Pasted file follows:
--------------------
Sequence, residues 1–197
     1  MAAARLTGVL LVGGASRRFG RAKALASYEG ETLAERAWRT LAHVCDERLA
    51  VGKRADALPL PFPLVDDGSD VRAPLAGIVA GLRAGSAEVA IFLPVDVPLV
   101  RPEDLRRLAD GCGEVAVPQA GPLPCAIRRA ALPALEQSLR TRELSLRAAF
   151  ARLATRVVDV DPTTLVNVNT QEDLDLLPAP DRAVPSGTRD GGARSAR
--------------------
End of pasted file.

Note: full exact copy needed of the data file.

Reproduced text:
Sequence, residues 1–197
     1  MAAARLTGVL LVGGASRRFG RAKALASYEG ETLAERAWRT LAHVCDERLA
    51  VGKRADALPL PFPLVDDGSD VRAPLAGIVA GLRAGSAEVA IFLPVDVPLV
   101  RPEDLRRLAD GCGEVAVPQA GPLPCAIRRA ALPALEQSLR TRELSLRAAF
   151  ARLATRVVDV DPTTLVNVNT QEDLDLLPAP DRAVPSGTRD GGARSAR